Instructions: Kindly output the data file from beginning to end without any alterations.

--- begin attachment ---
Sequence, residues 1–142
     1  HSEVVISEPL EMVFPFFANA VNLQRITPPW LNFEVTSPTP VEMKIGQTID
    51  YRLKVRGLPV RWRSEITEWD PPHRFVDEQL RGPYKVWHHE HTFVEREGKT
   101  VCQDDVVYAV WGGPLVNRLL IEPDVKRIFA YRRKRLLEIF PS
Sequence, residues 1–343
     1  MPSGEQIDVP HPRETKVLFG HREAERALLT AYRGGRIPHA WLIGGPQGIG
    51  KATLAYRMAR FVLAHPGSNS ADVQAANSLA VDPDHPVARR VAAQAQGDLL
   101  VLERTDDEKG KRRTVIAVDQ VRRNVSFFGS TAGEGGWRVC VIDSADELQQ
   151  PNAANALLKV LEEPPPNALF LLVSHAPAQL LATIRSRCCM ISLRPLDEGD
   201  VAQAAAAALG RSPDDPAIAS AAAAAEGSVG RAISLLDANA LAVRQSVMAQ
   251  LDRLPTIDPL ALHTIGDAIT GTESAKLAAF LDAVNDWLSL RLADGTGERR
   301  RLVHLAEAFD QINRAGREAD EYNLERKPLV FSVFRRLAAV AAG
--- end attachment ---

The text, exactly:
Sequence, residues 1–142
     1  HSEVVISEPL EMVFPFFANA VNLQRITPPW LNFEVTSPTP VEMKIGQTID
    51  YRLKVRGLPV RWRSEITEWD PPHRFVDEQL RGPYKVWHHE HTFVEREGKT
   101  VCQDDVVYAV WGGPLVNRLL IEPDVKRIFA YRRKRLLEIF PS
Sequence, residues 1–343
     1  MPSGEQIDVP HPRETKVLFG HREAERALLT AYRGGRIPHA WLIGGPQGIG
    51  KATLAYRMAR FVLAHPGSNS ADVQAANSLA VDPDHPVARR VAAQAQGDLL
   101  VLERTDDEKG KRRTVIAVDQ VRRNVSFFGS TAGEGGWRVC VIDSADELQQ
   151  PNAANALLKV LEEPPPNALF LLVSHAPAQL LATIRSRCCM ISLRPLDEGD
   201  VAQAAAAALG RSPDDPAIAS AAAAAEGSVG RAISLLDANA LAVRQSVMAQ
   251  LDRLPTIDPL ALHTIGDAIT GTESAKLAAF LDAVNDWLSL RLADGTGERR
   301  RLVHLAEAFD QINRAGREAD EYNLERKPLV FSVFRRLAAV AAG